Add to this that everybody is now a photographer, thanks to camera phones, and you can guarantee that you’ll be on the news; maybe even nationally if the vehicle was carrying children, anyone was hurt or it’s just a ‘slow news’ day. Reputational damage can be significant, as fires on London’s artics demonstrated.
How it works
Looking like traditional insulation, eQuilt is fitted instead of current insulation in the engine bay. It has already passed numerous laboratory tests. In March 2014 it was put to a real-life test in a double-decker at the Fire Service College at Moreton-in-Marsh, Gloucestershire.
A fire, simulated by igniting diesel in trays in the engine bay, was contained by eQuilt despite temperatures peaking at 790°C. The combustible temperature of wood is 300°C and aluminium is 650°C. After 20 minutes of this punishment, when the 3.5 litres of diesel had burned itself out, the GRP inside the passenger compartment was hot and had bubbled slightly, but had not caught fire. This was against the expectations of observers, and even the watching fire crews.
How eQuilt works is secret, but once the temperature reaches 200°C it expands to 25 times its volume, enhancing its fire-stopping qualities.
Properly fitted – to ensure that access holes to the engine bay such as for wiring, fuel lines, heating and grill closures are covered in a fire – eQuilt will stop a fire and contain it. The result is a vehicle that can be economically repaired.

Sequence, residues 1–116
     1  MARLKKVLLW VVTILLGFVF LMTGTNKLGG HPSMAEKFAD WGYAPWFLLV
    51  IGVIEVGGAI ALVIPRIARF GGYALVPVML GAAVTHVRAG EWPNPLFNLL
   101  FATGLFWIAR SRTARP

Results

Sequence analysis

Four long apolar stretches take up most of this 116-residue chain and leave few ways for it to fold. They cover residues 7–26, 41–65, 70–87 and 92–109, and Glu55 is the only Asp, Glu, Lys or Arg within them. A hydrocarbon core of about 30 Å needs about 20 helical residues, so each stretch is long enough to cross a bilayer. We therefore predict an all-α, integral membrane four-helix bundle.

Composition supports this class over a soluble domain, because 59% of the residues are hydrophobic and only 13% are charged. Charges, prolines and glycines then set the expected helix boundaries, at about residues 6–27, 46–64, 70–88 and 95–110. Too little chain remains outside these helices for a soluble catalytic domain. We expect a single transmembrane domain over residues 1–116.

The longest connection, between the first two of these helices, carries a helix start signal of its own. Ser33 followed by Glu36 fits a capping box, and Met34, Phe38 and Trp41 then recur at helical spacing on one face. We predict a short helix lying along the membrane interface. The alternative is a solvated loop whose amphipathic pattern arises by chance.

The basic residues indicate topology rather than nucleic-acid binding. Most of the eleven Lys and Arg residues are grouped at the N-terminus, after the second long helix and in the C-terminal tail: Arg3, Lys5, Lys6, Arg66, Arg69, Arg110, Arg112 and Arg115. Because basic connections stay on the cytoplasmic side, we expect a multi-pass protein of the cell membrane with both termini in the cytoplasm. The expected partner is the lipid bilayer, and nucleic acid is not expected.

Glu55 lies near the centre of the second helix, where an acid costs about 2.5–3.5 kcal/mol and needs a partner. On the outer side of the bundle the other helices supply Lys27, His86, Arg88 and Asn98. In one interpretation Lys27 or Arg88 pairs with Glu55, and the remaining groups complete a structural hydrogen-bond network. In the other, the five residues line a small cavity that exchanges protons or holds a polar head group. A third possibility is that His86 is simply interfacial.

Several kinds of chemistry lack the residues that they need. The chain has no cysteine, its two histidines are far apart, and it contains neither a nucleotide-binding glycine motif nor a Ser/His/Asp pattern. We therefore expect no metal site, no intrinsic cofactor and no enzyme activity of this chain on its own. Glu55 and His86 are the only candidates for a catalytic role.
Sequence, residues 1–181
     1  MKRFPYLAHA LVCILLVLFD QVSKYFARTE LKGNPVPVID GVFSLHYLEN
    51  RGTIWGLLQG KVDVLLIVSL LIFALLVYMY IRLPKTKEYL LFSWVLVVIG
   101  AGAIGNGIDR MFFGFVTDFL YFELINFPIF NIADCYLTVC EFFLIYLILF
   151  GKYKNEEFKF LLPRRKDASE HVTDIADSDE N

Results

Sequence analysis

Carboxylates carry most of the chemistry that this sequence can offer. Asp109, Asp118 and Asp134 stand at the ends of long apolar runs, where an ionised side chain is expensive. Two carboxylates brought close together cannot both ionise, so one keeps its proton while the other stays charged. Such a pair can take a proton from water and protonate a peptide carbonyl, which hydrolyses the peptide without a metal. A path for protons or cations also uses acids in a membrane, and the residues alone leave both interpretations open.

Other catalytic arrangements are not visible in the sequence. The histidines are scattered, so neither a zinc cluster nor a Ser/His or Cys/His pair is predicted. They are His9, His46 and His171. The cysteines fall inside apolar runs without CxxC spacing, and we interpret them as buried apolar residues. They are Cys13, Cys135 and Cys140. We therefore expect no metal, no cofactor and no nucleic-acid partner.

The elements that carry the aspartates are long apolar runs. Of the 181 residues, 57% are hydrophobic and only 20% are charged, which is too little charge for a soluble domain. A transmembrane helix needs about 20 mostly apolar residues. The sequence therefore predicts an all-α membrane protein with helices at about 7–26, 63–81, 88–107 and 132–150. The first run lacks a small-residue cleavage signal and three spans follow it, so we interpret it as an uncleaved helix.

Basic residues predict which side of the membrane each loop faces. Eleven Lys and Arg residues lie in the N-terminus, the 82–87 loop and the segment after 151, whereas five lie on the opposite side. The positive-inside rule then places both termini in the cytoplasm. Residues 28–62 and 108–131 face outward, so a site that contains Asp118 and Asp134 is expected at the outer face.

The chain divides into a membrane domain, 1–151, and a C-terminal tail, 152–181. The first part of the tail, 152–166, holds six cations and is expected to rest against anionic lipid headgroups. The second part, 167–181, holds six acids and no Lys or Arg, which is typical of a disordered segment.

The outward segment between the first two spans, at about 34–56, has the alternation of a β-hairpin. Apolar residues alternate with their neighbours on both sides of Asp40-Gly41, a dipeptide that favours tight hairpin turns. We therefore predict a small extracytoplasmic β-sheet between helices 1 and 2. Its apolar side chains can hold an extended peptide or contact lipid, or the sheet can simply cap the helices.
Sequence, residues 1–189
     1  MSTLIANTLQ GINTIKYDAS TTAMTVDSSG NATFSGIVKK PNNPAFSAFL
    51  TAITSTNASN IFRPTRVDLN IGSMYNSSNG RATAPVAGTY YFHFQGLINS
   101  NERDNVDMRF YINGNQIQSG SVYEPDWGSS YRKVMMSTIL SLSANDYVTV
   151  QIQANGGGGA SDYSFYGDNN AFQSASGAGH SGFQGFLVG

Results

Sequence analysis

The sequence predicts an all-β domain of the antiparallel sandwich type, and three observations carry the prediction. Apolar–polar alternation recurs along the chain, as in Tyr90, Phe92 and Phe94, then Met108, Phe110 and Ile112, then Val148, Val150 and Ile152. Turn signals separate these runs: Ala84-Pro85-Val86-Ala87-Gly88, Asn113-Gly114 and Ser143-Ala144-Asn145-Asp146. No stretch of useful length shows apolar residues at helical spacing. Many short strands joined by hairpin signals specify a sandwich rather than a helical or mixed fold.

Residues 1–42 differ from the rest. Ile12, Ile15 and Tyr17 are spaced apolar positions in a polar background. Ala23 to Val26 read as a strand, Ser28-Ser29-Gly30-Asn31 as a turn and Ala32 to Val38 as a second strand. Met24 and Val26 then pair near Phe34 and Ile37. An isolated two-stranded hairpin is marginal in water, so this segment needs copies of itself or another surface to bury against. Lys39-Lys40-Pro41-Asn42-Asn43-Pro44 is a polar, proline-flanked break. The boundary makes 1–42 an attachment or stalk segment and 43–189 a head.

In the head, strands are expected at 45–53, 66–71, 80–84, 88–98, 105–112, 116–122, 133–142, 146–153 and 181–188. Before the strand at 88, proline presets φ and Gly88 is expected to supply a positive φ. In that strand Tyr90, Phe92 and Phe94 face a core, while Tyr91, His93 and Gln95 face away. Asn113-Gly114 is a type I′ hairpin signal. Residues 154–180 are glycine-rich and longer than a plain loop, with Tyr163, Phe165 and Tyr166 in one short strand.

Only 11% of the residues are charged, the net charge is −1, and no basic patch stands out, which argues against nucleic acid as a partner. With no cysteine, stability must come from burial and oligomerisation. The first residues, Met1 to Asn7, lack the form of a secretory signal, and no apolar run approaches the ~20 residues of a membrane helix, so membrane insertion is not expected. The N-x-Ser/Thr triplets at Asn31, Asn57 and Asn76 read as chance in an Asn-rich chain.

“Think of eQuilt as a fire control system for engine bays,” says Will.
There is a modest net cost for eQuilt depending on specification; in terms of the overall new vehicle cost, it’s negligible.
The March 2014 demonstration (routeONE, Big Story, 12 March 2014) was conducted in front of a number of engineers from major operators, bodybuilders, the SMMT and Transport for London. However, with Euro 6 redesigns on the horizon, manufacturers made promises about fire containment, so major orders for eQuilt had not been forthcoming.
This changed after a fire in a brand new bus that destroyed it. Although it was a competing operator’s vehicle that burned out, Arriva UK Bus Engineering Director Ian Tarran contacted eQuilt and asked for a further demonstration. This took place in December 2015.
You may be familiar with the ‘fire triangle’ – the three ingredients needed for a fire to start and be maintained – of heat, oxygen and fuel. Remove one of these, and the fire will go out.